Some days we have genius ideas. This is where we tend to write them down.
Take note so you can feel as smart as us one day.
April 9, 2015
Paypal is an incredibly convenient tool for transferring money. Whether you are sending money to an employee located in another state, buying a product online, or just need to transfer money to somebody in another country, PayPal does it all. They have over 150 million active users and many of them are small business owners.
One of the reasons PayPal has so many users is because its fees seem very reasonable; at least on the surface anyways. When you compare the listed transaction fees with similar money transfer services, you may think you are getting a good deal, but it couldn’t be further from the truth. The problem isn’t in the listed fees, it’s the hidden fees they charge that really get you.
We’ll just set the record straight from the beginning as we aren’t trying to unfairly bash a company that provides such a useful service. If you are transferring money from one place to another for personal transactions and keeping the same currency during the entire process, then yes PayPal is free. The problem is when you are transferring money from one currency to another. This is where PayPal really gets you.
The biggest chunk of your money gets lost during international transfers to poor exchange rates and not hefty fees as many people think. This is doubly true if you are sending a large amount of money. Think about it. If you are sending $2,000 overseas, even banks (which are known for charging the highest transfer fees) often only charge you $30 – $40, but if you get a bad exchange rate that is 3% off market value, you’ll be losing an additional $60.
So how bad is PayPal’s currency exchange rate? Well here are some quick examples that highlight just how much you might be losing on your next international money transfer using PayPal. I’ll use $1000 as a nice round sample number. Below you can see the exchange rate PayPal offered along with the actual current market rate to compare the difference.
$1000 from USD to EURO
PayPal = €897.54
Market rate = €924.40
$1000 from USD to British Pound
PayPal = £655.76
Market Rate = £675.20
$1000 from USD to AUD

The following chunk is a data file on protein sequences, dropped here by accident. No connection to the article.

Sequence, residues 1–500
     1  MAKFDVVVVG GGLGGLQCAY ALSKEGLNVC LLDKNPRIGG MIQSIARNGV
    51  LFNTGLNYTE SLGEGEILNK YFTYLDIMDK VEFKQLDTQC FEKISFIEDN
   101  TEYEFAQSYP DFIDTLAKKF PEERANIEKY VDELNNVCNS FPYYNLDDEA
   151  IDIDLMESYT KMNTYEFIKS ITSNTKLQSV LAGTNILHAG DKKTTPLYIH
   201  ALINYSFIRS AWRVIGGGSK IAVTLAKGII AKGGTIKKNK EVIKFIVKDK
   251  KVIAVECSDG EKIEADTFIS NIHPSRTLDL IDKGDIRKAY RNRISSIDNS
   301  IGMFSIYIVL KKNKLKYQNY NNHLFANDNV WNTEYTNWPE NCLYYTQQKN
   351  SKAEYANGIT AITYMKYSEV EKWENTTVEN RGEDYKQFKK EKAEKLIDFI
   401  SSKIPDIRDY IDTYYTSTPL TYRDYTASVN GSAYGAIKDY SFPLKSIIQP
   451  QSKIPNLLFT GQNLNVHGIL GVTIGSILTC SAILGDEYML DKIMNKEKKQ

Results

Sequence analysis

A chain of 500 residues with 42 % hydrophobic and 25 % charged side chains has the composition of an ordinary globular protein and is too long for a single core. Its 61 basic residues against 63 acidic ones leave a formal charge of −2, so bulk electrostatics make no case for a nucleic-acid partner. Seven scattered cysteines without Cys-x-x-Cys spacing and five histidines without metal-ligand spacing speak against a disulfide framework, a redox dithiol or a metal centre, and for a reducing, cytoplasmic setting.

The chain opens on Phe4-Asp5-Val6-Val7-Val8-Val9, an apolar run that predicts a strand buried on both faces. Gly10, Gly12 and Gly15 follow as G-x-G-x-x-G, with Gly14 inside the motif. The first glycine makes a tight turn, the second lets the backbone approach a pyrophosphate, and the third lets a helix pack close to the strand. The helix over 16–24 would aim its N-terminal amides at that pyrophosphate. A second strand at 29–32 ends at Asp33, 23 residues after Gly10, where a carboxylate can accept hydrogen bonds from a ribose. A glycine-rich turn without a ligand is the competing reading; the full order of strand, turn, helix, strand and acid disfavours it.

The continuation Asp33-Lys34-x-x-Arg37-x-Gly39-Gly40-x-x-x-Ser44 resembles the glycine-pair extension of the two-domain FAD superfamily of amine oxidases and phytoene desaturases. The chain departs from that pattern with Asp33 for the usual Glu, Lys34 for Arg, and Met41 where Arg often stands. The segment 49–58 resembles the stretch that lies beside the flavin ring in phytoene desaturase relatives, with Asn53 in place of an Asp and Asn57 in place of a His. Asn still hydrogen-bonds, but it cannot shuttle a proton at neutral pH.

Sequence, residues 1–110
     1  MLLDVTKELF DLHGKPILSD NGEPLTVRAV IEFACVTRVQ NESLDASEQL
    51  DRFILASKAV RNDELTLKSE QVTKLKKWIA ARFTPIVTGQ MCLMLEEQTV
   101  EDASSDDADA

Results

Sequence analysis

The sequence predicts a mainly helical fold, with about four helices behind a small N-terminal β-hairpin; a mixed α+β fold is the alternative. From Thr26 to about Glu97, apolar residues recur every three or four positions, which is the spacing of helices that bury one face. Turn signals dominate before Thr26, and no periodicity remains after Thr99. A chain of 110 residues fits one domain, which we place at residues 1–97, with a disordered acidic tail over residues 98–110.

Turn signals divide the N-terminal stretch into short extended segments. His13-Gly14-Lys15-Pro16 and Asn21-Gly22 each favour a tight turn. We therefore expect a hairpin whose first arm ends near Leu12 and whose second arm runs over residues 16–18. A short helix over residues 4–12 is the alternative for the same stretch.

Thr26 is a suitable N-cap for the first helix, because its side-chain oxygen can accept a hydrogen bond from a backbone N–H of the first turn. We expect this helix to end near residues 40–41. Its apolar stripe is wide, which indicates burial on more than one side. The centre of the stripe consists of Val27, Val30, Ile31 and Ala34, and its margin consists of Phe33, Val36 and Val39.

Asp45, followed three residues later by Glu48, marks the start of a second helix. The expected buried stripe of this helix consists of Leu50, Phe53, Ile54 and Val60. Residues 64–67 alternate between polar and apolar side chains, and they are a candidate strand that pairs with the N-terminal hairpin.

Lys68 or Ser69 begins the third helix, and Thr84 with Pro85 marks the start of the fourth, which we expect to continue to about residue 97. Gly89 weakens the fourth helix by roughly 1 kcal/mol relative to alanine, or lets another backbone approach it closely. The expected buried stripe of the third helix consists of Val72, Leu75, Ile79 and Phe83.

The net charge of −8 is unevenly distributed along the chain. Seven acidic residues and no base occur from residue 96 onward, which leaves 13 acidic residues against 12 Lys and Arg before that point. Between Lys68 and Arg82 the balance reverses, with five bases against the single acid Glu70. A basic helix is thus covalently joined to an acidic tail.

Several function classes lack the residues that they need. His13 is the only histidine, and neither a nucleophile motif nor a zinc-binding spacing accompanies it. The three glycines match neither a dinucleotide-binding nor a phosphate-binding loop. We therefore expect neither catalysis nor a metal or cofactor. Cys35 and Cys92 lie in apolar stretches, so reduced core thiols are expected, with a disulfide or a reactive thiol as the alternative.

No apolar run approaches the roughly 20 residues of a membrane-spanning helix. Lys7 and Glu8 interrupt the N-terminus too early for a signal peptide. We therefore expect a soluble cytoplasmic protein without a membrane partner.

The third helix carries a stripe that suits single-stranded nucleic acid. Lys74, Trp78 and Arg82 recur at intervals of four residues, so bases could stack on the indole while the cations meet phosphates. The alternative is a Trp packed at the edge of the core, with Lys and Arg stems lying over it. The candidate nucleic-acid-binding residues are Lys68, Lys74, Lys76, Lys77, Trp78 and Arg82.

PayPal = AU$1,274.20
Market Rate = AU$1,308.77
As you can see, while they may claim they are offering the service free of charge anywhere they have their terms of service printed, they are actually making a large chunk of money off you by offering a very poor exchange rate. Often, even worse than what you’d get at a bank.
Let’s say you’re willing to chalk this up as just the cost of doing business internationally. Ok. Fair enough, but since I know you’re a savvy business person, you’re obviously deducting all of your expenses from your income so you can save on taxes right? Well here’s another shocker for you, PayPal won’t provide you any type of receipt or documentation with proof of the money lost in the exchange so you can’t even claim it.
Well, let’s rephrase that. You do actually get a receipt of the transfer from PayPal, but it shows a fee of $0.00. So even if you tried to use their provided receipt to show the loss of money in the transfer, you wouldn’t be able to. There is no documentation provided that will allow you to deduct the transfer and exchange fees from your taxes at the end of the year.
Just in case you had the same bright idea we did and want to try and open a currency account in your bank that operates in the same currency you get paid, they won’t let you. We tried it and PayPal informed us that unless it is an official currency of that country, they won’t send USD to it, so no sending USD to anywhere in Europe, Australia, etc. They will only send Euro to Europe, AUD to Australia, BPD to the UK, etc. You get the idea.
If you need to process regular international money transfers, use the Send Money Cheaper Comparison Tool to find the cheapest option for your needs. Next time you are planning an overseas money transfer between two currencies, use our comparison tool and check the results against the rate PayPal will give which can be found using their currency converter tool. (Hint: you’ll need to be logged into your PayPal account to access their convertor.) Doing this, you can see exactly how much you’ll save by not going with PayPal and using a dedicated currency transfer firm instead.
If you regularly do business overseas, check out How To Save Money When Doing Business Internationally for more useful tips.
You keep on doing your job making money and we’ll keep doing ours to help you keep more of it in your pocket.